Alex Rodriguez has filed suit against Major League Baseball, claiming league officials trampled on their own rules and paid off witnesses in an effort to "destroy the reputation and career" of Rodriguez so that Commissioner Bud Selig could "attempt to secure his legacy as the 'savior' of America's pastime."
The suit, filed late Thursday in New York State Supreme Court and released Friday, names Selig and the league as defendants.
The suit comes at the end of the first week of an arbitration hearing in which Rodriguez is appealing a 211-game suspension for violating baseball's drug policy.
In a statement Friday, the league dismissed the suit as "a desperate attempt to circumvent" the MLB drug policy and labor agreements. The league said it "vehemently" denies the allegations in the Rodriguez suit and said they distract from "the real issue": Did Rodriguez violate baseball's drug policy on multiple occasions and interfere with the league's investigation?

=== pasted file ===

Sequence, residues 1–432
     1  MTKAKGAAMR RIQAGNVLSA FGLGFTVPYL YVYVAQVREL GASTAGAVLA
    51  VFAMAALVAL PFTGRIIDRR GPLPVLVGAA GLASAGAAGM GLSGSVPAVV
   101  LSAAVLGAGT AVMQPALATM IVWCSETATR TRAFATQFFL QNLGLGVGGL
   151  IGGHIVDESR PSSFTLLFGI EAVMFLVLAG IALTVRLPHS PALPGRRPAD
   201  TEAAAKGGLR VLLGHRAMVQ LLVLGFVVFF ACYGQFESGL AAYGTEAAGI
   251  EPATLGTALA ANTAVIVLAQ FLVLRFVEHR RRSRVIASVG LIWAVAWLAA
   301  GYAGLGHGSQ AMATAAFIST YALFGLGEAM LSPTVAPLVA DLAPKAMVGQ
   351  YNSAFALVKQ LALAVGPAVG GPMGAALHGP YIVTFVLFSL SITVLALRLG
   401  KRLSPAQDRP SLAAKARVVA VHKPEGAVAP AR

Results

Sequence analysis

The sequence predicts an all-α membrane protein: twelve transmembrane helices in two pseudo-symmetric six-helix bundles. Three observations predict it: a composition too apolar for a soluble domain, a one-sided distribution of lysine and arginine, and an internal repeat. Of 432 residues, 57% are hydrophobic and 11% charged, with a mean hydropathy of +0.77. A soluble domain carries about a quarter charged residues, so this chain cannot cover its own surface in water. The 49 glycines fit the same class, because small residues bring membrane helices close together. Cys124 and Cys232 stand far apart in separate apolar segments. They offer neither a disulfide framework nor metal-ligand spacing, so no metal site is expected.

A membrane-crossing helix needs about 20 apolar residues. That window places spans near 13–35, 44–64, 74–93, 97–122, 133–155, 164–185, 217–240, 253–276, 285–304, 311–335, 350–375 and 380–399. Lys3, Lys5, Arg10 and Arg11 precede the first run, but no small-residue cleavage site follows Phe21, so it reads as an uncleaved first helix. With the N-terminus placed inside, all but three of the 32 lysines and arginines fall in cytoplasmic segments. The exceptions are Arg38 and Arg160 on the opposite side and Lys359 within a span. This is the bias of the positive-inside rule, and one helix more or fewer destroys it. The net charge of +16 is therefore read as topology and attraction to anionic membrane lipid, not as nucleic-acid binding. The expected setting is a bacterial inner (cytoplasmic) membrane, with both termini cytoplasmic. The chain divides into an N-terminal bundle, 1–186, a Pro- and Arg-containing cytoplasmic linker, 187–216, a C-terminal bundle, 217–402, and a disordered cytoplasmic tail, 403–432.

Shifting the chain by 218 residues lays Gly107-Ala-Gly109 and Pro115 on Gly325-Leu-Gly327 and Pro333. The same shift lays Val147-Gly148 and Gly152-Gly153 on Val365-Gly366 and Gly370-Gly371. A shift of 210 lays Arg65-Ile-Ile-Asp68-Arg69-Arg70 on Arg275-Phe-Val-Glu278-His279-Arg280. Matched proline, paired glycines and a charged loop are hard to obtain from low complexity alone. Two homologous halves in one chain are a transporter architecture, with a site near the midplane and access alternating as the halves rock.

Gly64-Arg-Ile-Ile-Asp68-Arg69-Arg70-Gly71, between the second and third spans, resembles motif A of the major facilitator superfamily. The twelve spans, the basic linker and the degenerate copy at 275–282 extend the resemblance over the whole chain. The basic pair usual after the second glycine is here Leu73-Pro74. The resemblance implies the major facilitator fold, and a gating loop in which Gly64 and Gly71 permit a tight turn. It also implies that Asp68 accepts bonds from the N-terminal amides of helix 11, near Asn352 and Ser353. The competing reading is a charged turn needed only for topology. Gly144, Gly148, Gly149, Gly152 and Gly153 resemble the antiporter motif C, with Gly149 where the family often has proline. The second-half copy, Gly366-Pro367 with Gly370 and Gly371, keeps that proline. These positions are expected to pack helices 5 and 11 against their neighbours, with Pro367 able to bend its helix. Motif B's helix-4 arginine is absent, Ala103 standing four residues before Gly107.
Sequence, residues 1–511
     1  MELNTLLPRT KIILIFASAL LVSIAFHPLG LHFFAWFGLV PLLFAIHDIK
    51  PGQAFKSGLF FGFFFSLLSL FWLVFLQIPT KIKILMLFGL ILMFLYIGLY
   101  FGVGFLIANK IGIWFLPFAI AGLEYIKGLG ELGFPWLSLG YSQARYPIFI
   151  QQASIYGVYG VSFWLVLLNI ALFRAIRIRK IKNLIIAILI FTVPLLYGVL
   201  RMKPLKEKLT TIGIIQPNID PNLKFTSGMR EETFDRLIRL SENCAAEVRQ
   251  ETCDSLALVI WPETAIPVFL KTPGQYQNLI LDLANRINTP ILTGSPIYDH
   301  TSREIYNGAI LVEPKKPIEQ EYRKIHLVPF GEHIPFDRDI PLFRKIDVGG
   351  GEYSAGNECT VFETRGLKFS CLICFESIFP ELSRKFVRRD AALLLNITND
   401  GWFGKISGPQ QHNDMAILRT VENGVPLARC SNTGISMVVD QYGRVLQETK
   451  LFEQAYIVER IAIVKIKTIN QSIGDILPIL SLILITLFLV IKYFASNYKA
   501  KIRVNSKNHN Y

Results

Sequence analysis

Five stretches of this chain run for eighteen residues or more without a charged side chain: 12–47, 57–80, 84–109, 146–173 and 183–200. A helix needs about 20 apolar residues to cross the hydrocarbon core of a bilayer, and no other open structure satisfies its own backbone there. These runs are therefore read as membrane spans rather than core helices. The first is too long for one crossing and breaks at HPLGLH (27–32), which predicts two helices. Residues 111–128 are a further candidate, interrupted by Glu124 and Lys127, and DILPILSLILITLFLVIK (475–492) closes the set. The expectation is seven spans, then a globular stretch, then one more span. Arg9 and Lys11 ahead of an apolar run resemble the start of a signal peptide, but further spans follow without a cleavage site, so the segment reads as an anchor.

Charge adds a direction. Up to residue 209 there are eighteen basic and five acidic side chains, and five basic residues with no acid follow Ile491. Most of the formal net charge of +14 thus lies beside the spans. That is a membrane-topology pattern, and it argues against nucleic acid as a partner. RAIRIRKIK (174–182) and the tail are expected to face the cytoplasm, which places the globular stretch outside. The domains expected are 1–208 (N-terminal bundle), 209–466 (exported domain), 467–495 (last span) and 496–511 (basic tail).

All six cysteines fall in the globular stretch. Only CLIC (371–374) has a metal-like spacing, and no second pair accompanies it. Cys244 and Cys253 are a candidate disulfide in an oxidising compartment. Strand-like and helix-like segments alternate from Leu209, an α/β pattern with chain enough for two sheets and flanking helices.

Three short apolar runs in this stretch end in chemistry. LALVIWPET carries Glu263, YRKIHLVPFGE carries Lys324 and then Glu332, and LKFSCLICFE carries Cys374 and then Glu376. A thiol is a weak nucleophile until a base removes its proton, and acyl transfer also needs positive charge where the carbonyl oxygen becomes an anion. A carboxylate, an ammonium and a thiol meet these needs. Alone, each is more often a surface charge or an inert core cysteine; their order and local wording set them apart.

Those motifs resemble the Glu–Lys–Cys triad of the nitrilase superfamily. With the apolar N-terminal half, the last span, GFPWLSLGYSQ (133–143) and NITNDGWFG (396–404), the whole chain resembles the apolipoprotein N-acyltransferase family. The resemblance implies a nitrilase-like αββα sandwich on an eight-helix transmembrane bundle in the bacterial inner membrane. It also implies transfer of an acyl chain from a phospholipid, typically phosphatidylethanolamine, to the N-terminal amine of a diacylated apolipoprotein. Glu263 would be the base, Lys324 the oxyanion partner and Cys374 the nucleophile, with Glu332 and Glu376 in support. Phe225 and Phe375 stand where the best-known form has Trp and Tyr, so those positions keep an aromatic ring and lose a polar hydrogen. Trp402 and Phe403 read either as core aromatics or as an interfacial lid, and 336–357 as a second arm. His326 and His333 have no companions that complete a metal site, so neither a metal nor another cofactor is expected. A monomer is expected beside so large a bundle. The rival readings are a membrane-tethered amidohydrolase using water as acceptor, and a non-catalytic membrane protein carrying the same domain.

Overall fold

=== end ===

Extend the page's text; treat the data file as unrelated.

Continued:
The suit does not address whether Rodriguez used performance-enhancing substances.
In the suit, Rodriguez claims that MLB is paying $5 million to its star witness, Tony Bosch, who ran the now-defunct Biogenesis clinic that gave its name to baseball's most recent drug scandal. Bosch has testified in this week's arbitration hearing.
The suit also claims an MLB investigator paid $150,000 for "stolen documents" and "engaged in an inappropriate sexual relationship with a [Biogenesis] witness."
Although Rodriguez does not ask for a specific amount in damages, the suit claims that Selig and MLB have improperly interfered with Rodriguez's contractual relationship with the Yankees, putting tens of millions in salary and bonuses at risk. Also, according to the suit, Nike and Toyota have cut off negotiations for potential sponsorship deals with Rodriguez.